History of the Bicycle: Shrouded in Mystery

Aug 20, 2017

Person on bicycle

Bicycles are so prevalent today that it’s hard to imagine they were invented only about 200 years ago. And, the debate about who invented the first one isn’t going to get settled any time soon. An article published by the Smithsonian notes that a patent was issued to W.K. Clarkson, Jr. of New York on June 26, 1819 for a “velocipede.” But, as luck would have it, the documentation was burned up in the Patent Office fire of 1836. The article notes that “There is no evidence that the sport gained much popularity in the U.S. at the time.”

In Paris, in 1863, the development of the early form of bicycles known as the velocipede was advanced when someone added pedals to the front axle. That “someone” could have been Pierre Michaux, since it happened in his workshop. Or it could have been his employee, Pierre Lallement. In either case, Lallement moved to New Haven, Connecticut shortly thereafter; in 1866, he was granted a patent that provided “improvements in velocipedes.” Two years later, in New York, the Hanlon brothers improved upon Lallement’s design.

Right about that time, Americans became enthusiastic about this mode of transportation, so carriage buildings began making cycles. Riding schools sprung up in cities in the eastern part of the country, with Harvard University and Yale University students jumping on the craze.

After about a year of intense interest, though, many people stopped riding their cycles because they were “heavy and cumbersome.” The lack of cushioning didn’t make the ride very comfortable, and “the rider had to steer and pedal the same front wheel.” The bottom line is that you needed to be both strong and coordinated to ride one of these contraptions – and then when cities began passing ordinances banning them from sidewalks, the whole idea of riding one was just more trouble than it was worth.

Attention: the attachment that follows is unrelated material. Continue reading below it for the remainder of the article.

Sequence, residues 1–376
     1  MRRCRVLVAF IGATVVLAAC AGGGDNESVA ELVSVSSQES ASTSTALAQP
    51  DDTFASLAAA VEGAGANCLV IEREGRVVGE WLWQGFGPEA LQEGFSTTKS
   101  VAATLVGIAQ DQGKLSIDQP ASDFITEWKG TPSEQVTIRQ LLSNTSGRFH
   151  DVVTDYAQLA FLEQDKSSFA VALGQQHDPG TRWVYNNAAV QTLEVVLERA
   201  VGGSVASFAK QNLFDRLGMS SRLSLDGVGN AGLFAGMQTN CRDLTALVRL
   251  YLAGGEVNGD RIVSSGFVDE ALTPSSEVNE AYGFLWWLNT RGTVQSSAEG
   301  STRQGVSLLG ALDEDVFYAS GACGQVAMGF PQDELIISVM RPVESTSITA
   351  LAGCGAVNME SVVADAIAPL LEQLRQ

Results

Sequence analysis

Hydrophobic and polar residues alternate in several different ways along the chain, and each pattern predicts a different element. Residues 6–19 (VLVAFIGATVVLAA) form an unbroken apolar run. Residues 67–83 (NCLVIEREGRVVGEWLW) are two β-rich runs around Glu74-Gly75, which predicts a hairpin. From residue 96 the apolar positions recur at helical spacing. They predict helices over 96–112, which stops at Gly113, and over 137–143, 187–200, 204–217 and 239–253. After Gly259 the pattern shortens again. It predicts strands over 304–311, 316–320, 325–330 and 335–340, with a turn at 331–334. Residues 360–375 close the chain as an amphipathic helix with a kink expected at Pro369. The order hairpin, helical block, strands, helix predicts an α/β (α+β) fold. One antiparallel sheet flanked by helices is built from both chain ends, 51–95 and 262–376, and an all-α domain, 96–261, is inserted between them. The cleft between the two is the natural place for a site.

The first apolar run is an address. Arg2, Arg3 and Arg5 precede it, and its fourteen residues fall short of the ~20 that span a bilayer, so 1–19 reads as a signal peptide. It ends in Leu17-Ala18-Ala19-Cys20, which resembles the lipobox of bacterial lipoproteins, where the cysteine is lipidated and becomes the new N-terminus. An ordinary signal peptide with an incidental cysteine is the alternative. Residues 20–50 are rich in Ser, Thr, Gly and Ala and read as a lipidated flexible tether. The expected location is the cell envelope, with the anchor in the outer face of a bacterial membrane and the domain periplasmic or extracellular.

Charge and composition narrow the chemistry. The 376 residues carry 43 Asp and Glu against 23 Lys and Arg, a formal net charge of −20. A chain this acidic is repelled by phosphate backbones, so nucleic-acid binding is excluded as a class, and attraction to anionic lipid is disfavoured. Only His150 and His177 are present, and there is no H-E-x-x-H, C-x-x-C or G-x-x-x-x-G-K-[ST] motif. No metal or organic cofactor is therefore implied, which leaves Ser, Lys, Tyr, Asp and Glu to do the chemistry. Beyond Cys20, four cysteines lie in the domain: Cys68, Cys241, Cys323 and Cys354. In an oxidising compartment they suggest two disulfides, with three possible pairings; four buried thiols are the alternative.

Innovations in England


In 1871, James Starley created the Ariel, which was a high-wheeled, wire-spoked bicycle that came to be known as the Ordinary. His version was modified and gained in popularity – and Americans began importing them. In 1878, Albert A. Pope decided that the United States needed a bicycle manufacturer, and he started producing the Columbia bicycle in Connecticut.

High-wheeled bicycles were fast and lightweight. But, because the center of gravity was right behind the front wheel, riders would sometimes fly over the handlebars.


Photo of an Expert Bicycling In The Great Outdoors In South Carolina

Safety-style bicycles then began being manufactured. They featured two smaller wheels of equal size. They also had gears and a chain driver. Then, pneumatic tires were invented by John Boyd Dunlop and brake improvements took place, making bicycles a safer mode of transportation.

In 1889, there were approximately 200,000 bicycles on the road. Ten years later? One million. We encourage you to read the rest of the Smithsonian article – and definitely look at the photos of the early bicycles! They’re fascinating.

Unfortunately, although bicycles today are much safer, that doesn’t prevent people from being in bicycle accidents. Read on if that has happened to you or a loved one.

South Carolina Bicycle Accident Attorneys

Bicycle accident attorneys at the Law Offices of F. Craig Wilkerson can help you get compensation for your injuries. Visit our page on hiring a  personal injury attorney for bicycle accidents  for more information. You can also contact us online for a free case evaluation or call us at: